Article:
Abstract: By analyzing 25,671 journals largely absent from journal counts and indexes, this study demonstrates that scholarly communication is more of a global endeavor than is commonly credited. These journals, employing the open source publishing platform Open Journal Systems (OJS), have published 5.8 million items and represent 136 countries, with 79.9 percent publishing in the Global South and 84.2 percent following the OA diamond model (charging neither reader nor author). More than half (54.6 percent) of the journals operate in more than one language, while publishing research in 60 languages (led by English, Indonesian, Spanish, and Portuguese). The journals are distributed across the social sciences (45.9 percent), STEM (40.3 percent), and the humanities (13.8 percent). For all their geographic, linguistic, and disciplinary diversity, the Web of Science indexes 1.2 percent of the journals and Scopus 5.7 percent. On the other hand, Cabells Predatory Reports includes 1.0 percent of the journals, while Beall lists 1.4 percent of them as predatory. A recognition of the expanded scope and scale of scholarly publishing will help ensure that humankind takes full advantage of what is increasingly a global research enterprise.

 

Learned Societies and Responsible Research: Results of the survey for the TSV member societies | Tieteellisten seurain valtuuskunta

Abstract:  The Federation of Finnish Learned Societies studied its member societies’ activities related to responsible research in connection to open science, research integrity and research evaluation. In addition to these areas, the assessment covered the societies’ scientific activities and activities promoting societal impact, as well as the effects of the coronavirus pandemic on the societies’ ability to operate. The material was gathered through a survey carried out in November 2021. A total of 116 member societies, representing various fields, responded to it.

 

Open access books: A global preference for regional subjects | Impact of Social Sciences

For many research disciplines English functions as the global language for research. But, how far does this align with patterns of research use globally? Drawing on download evidence from the OAPEN library of open access books, Ronald Snijder explores this global demand for open research and finds significant demand for regional research and research published in languages other than English.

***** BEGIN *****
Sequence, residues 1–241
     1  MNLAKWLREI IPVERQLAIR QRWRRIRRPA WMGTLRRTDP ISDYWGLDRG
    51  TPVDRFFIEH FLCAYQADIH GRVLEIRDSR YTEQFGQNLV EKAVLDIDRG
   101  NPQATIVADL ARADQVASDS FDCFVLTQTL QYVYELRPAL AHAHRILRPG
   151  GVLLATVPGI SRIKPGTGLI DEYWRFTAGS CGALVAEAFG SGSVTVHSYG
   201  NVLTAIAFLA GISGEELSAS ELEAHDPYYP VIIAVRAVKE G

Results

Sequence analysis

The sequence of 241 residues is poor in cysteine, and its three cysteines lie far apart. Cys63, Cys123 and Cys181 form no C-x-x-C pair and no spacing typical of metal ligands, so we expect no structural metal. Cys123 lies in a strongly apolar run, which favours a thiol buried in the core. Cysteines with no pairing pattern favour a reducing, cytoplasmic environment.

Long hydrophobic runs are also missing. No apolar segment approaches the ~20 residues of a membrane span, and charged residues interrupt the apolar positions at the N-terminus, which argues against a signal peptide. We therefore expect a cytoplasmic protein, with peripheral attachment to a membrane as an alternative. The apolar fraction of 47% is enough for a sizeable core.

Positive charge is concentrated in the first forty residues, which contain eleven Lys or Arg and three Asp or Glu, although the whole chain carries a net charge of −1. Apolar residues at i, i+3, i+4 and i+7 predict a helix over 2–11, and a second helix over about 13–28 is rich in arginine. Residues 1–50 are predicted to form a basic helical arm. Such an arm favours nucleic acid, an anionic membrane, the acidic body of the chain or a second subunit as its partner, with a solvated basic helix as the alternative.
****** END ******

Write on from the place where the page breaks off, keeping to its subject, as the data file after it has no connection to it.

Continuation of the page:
A call for volunteers: German, Korean, Portuguese, Turkish – DOAJ News Service

“DOAJ has a network of skilled, voluntary Associate Editors and Editors who spend a few hours a week processing new journal applications. Would you like to join us? We are now recruiting volunteers who understand German, Korean, Portuguese and Turkish. (You do not have to be a native speaker.) You must also be proficient in written and spoken English.

As a DOAJ volunteer, you will do a few hours of voluntary, unpaid work a week. You will receive training materials to help you carry out your duties. Your work will directly contribute to the quality, reputation, and prominence of open access scholarly publishing around the globe….”

Preprints as a Language-Editing Funnel | Jeff Pooley

Preprint platform Research Square exists to drive business to English-language editing factory American Journal Experts (AJE), which launched the platform in 2018. Preprint authors receive a Language Quality Score, and are then shilled to spend hundreds of dollars on AJE services:

What does my Language Quality Score mean? AJE used machine learning to develop a tool that assesses your language quality. The model was trained using more than 100,000 academic papers in all areas of study that had been scored by professional editors based on the quality of English. Your Language Quality Score reflects how the quality of English in your paper compares to the other papers in our dataset. Scores take into account all aspects of readability in English, including grammar, consistency, and clarity.